The solution for this may be easier than you think - and cost you considerably less than what you're spending on those special foods.
There are lots of easy to believe claims out there when it comes to cat care and food. Incredibly, more research dollars are spent on cat foods every year than on human baby foods! There is a remarkable amount of money made in this industry and while kibble may have it's place, increasing numbers of professionals are recommending against it as a main food source.
Cats are true (obligate) carnivores. They receive no nutritional values from anything other than meat or fish. Commercial products advertising cat foods with greens or vegetables are marketing for the human, not the cat.
Veterinarians who happen to sell high priced, specialized cat foods are usually just joining the marketing aspect of pet care; many vets do not have the understanding of nutrition specialized for different species because it's simply not a big medical school focus.
The best way to start with ideal nutrition is to read ingredients on the cans (yes, canned foods are better overall). Name brands are not important, but ingredients are. Meat or fish should be in the first couple ingredients and not plant products. For example, "chicken, chicXXXXX XXXXXver..." or "beef, chicken ...", you get the idea. Not "chicken by-product meal" "corn meal" , "wheat gluten" or anything along those lines.
Even if you choose a kibble to supplement the canned foods it needs to have a real meat in the first two ingredients. You might be surprised at what could be on ingredient lists of some very popular, very expensive cat foods. Many of these foods are no better (sometimes worse) than dollar store pet foods and what the public would be shocked to discover is that sometimes they both come from the same manufacturing plant, using the same formula and just varying their shape, color or size and packaging.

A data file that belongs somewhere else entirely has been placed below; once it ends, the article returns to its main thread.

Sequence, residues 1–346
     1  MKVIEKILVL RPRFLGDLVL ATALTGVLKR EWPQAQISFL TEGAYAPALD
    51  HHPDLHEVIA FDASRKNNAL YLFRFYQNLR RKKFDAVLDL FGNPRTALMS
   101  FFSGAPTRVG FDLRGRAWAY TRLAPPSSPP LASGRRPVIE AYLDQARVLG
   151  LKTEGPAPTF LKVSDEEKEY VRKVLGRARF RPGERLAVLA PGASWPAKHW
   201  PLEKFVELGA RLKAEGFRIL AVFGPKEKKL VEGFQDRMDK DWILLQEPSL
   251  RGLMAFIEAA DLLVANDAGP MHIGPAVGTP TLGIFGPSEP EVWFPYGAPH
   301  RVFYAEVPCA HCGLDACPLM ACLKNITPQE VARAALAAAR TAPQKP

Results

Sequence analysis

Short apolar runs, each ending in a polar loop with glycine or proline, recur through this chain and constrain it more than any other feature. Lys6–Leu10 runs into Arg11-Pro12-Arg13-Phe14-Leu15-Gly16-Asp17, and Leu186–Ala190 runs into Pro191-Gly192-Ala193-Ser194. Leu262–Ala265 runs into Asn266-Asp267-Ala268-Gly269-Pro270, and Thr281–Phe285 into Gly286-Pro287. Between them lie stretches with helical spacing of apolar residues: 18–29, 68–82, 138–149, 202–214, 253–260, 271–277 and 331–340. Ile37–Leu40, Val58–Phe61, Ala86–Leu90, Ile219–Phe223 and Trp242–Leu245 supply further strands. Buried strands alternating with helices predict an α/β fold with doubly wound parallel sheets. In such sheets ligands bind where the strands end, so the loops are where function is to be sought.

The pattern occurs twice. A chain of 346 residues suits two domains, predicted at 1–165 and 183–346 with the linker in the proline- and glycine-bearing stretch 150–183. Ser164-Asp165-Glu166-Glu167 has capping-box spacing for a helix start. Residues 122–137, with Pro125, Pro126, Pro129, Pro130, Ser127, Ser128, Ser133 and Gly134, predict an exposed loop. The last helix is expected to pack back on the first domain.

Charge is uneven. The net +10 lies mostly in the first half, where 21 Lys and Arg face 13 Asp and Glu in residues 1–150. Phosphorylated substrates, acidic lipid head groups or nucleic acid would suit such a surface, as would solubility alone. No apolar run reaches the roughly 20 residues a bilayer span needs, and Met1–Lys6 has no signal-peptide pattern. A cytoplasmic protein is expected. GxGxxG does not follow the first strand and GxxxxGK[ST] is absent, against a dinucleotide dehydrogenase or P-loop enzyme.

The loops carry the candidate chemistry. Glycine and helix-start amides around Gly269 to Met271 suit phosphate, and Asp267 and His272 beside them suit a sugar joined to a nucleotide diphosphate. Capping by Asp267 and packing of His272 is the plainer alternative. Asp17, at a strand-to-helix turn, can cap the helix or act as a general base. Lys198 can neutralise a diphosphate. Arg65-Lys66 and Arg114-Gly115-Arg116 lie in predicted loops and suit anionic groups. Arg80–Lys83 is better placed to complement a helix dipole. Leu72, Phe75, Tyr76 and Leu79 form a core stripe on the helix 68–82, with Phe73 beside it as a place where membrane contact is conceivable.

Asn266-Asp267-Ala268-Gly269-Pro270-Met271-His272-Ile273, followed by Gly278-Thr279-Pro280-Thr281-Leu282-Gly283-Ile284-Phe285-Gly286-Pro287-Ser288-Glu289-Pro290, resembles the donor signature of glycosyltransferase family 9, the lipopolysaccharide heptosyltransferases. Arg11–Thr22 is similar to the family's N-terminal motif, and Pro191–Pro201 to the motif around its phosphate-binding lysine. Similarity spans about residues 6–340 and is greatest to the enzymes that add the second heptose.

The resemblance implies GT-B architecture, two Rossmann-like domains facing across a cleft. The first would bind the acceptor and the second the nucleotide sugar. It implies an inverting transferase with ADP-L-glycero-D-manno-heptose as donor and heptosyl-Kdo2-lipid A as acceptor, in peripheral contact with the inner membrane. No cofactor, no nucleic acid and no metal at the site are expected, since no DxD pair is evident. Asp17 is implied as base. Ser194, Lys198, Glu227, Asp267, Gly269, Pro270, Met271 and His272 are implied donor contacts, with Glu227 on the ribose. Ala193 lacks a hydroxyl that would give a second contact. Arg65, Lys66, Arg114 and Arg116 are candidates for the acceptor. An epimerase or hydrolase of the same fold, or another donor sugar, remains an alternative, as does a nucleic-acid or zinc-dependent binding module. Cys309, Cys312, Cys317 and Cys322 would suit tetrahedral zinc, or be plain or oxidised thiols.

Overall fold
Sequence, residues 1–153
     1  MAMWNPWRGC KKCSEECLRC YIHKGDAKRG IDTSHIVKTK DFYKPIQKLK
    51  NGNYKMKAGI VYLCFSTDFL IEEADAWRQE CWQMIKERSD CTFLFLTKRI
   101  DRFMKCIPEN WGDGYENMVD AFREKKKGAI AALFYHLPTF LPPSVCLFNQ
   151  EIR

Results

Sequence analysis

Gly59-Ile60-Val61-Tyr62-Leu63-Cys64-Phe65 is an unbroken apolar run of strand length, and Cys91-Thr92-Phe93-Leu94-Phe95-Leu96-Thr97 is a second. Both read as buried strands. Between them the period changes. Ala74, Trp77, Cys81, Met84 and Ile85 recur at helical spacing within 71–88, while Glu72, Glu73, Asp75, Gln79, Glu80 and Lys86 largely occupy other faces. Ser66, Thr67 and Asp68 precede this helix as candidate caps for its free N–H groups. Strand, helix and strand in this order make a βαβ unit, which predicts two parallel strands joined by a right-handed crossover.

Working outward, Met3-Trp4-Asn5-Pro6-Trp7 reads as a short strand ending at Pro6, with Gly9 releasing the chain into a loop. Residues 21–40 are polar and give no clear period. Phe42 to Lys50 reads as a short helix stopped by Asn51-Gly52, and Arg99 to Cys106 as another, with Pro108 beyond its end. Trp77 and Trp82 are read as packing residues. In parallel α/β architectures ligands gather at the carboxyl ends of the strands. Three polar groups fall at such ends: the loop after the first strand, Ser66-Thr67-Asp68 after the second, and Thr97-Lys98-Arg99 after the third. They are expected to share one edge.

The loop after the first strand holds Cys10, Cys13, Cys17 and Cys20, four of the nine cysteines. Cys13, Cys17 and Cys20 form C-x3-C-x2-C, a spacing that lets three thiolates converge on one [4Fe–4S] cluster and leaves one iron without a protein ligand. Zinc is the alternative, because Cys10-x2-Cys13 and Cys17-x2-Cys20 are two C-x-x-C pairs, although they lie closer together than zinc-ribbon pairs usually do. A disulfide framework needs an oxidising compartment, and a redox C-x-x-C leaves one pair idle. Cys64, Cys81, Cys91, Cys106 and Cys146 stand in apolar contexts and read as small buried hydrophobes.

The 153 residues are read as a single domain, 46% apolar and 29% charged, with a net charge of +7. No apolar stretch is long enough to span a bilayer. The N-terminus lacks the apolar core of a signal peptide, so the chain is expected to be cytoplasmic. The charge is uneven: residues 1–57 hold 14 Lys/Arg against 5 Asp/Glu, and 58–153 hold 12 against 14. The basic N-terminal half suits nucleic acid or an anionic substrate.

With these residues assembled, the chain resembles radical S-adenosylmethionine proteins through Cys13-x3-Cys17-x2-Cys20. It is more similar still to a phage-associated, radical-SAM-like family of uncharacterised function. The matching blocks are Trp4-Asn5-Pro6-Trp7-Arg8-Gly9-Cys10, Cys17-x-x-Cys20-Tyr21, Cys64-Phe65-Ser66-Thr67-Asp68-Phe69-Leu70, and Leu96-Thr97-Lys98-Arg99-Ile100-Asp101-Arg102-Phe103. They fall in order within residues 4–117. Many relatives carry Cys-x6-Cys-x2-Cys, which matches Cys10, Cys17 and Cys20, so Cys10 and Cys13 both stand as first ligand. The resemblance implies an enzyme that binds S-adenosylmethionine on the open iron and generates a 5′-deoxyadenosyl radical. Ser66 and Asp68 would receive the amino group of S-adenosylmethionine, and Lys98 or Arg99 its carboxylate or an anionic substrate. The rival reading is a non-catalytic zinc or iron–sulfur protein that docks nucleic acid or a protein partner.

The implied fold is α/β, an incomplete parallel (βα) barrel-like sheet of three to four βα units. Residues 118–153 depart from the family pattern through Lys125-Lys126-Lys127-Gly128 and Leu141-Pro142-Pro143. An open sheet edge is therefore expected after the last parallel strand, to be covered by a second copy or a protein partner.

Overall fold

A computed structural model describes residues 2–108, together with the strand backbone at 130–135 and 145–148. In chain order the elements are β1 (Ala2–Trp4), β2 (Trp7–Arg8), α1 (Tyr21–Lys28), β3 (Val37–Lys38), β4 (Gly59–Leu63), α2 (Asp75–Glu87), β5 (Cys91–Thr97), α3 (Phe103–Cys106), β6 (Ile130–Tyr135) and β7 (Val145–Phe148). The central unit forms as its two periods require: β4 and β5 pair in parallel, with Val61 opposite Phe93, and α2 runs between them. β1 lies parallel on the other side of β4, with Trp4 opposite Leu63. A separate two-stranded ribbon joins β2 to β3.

This was something that became apparent during the recent pet food recalls.
For more comprehensive information on feline nutrition, by a vet who specializes in this research and offers findings and suggestions freely, check this site: http://www.catinfo.org/
Give it a try for about a week - and you may never have to worry about this again. If it doesn't improve, just re open this question (you do not have to press accept more than once on any individual question) - or post a new one - we'll always be here.
I really do think you'll be surprised. Not only at the improvement in the hairball situation, but the defecation overall. Remember to take your magnifying glass though - reading those ingredient lists isn't made easy.
Let me know how it goes.